On the application of magnetic methods for the characterisation of space weathering products

Bentley, Mark S.; Ball, Andrew; Wright, Ian P. and Zarnecki, John C. (2011). On the application of magnetic methods for the characterisation of space weathering products. Planetary And Space Science, 59(1) pp. 79–91.

DOI: https://doi.org/10.1016/j.pss.2010.11.008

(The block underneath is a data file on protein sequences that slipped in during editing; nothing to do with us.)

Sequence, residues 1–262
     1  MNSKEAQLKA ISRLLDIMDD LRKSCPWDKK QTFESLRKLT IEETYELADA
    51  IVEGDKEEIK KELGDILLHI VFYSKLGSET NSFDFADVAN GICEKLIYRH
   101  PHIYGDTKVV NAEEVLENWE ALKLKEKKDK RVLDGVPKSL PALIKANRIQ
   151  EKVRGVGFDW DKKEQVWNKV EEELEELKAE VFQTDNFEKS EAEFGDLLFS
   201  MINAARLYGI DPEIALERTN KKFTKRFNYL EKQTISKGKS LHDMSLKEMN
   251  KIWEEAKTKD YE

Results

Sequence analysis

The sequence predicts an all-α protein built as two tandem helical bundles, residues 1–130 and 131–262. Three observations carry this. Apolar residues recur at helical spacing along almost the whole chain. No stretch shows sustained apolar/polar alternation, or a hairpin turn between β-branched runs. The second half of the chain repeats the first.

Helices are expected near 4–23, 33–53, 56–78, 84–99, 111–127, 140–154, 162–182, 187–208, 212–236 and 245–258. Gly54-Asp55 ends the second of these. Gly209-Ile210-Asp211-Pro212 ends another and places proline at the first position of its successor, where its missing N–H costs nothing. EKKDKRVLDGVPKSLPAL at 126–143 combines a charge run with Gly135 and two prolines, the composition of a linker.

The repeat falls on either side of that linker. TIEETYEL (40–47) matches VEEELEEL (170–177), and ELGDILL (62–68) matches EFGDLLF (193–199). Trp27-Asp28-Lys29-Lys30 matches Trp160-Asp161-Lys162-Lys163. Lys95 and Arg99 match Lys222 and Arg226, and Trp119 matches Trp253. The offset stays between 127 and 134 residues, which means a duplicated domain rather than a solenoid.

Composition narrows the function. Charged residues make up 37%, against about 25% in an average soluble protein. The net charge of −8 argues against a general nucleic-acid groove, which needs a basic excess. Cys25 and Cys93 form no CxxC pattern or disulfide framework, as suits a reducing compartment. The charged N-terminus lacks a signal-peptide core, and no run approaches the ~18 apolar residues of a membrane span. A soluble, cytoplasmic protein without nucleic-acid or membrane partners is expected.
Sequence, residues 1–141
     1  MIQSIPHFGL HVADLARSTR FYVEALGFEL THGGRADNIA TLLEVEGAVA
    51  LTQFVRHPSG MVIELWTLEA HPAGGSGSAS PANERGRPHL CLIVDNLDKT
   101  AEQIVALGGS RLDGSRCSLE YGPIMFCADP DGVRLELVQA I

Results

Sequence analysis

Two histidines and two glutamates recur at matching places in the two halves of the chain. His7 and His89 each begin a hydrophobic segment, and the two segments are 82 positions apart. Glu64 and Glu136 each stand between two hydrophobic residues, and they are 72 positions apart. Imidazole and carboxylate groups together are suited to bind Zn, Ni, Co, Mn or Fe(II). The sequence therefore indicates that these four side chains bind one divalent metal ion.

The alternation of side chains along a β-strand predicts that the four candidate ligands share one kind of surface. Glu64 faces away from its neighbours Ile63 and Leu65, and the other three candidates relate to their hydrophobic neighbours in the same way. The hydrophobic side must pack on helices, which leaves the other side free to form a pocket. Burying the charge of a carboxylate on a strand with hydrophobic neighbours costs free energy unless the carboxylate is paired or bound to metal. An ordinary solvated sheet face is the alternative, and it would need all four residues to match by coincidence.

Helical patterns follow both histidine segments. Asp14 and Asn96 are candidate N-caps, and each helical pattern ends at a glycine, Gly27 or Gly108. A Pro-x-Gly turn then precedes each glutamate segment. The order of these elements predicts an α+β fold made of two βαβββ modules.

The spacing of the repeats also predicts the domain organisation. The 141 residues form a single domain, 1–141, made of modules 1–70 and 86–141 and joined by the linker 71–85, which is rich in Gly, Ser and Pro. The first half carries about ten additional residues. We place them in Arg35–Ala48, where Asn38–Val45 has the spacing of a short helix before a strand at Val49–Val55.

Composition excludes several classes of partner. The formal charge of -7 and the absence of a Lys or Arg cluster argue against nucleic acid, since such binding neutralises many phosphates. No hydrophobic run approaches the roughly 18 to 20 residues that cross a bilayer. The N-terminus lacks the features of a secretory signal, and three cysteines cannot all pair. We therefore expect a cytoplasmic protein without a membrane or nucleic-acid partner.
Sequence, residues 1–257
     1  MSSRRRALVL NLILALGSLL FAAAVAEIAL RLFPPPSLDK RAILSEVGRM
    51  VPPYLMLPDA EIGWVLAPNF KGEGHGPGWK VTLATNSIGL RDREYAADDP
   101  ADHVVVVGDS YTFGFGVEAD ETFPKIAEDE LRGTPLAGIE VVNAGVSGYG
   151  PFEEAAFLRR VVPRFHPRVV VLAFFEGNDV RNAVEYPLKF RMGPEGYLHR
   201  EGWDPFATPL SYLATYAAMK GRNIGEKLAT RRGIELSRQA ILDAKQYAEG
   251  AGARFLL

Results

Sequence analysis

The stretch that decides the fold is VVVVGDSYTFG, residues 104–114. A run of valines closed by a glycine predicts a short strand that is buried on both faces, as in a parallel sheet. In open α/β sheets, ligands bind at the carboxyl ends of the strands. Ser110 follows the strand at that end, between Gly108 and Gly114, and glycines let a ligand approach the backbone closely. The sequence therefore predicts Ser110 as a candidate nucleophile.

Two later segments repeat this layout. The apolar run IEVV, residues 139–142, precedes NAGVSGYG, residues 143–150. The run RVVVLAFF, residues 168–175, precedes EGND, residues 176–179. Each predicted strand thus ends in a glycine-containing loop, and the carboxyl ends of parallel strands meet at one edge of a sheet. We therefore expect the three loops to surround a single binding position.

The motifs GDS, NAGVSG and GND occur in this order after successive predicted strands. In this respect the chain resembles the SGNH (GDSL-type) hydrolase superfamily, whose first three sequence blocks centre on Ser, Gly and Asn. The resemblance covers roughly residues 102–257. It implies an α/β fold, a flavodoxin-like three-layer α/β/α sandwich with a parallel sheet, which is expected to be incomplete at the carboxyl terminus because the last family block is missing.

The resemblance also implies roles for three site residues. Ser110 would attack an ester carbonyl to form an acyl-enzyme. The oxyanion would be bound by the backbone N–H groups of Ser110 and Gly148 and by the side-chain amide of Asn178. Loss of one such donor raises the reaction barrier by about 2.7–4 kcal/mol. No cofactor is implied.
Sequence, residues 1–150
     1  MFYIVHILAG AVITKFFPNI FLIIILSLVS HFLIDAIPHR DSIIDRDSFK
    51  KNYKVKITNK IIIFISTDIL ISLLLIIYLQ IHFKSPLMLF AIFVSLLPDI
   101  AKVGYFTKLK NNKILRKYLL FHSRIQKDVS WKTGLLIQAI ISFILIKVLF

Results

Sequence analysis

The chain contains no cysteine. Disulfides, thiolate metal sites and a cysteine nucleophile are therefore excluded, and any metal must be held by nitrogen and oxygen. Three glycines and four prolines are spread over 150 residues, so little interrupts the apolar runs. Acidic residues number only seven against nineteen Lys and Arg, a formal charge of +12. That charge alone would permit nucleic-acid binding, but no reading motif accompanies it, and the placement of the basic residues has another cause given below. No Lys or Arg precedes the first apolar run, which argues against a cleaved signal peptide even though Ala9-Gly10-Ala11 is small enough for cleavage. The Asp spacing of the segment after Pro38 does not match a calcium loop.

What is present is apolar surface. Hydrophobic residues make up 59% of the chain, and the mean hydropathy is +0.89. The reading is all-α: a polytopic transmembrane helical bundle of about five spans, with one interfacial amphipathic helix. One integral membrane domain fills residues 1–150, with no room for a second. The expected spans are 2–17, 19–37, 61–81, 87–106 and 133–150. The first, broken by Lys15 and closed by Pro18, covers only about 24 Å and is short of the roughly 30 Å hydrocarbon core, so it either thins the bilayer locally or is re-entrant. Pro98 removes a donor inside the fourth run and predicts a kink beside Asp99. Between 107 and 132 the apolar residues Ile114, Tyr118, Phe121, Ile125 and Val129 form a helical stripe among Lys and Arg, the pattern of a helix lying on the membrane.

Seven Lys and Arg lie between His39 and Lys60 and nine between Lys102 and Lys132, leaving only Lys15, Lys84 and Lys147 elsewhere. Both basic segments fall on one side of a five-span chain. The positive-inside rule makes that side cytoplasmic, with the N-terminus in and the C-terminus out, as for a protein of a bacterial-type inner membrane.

Space weathering is now commonly accepted to modify the optical and magnetic properties of airless body regoliths throughout the Solar System. Although the precise formation processes are not well understood, the presence of ubiquitous sub-microscopic metallic iron (SMFe) grains in lunar soils and corresponding spectral analyses have explained both the unique optical and magnetic properties of such soils. More recently, a variety of ion irradiation, laser melting and vaporisation and impact experiments have been shown to reproduce these effects in the laboratory. Such experiments are crucial to the study of the formation of SMFe under controlled conditions. To date, more emphasis has been placed on optical analyses of laboratory samples, as these address directly the mineralogical interpretation of remote sensing data. However, the magnetic analyses performed on the Apollo and Luna samples have provided useful qualitative and quantitative evaluation of regolith metallic iron content. These techniques are reviewed here, demonstrated on pulsed laser irradiated olivine powder, and their utility for determining the quantity and size distribution of this metallic iron discussed. Ferromagnetic resonance, multi- frequency magnetic susceptibility, vibrating sample magnetometry and thermomagnetic measurements were carried out. Each showed trends expected for the conversion of paramagnetic Fe2+ in olivine to fine-grained Fe0, with some grains in the superparamagnetic size range. Although evidence for super- paramagnetic iron was found, the quantity of sub-microscopic metallic iron produced in these experiments proved insufficient to make conclusive measurements of either the quantity or size distribution of this iron. Improvements to both the experimental and analytical procedures are discussed to better enable such measurements in the future.

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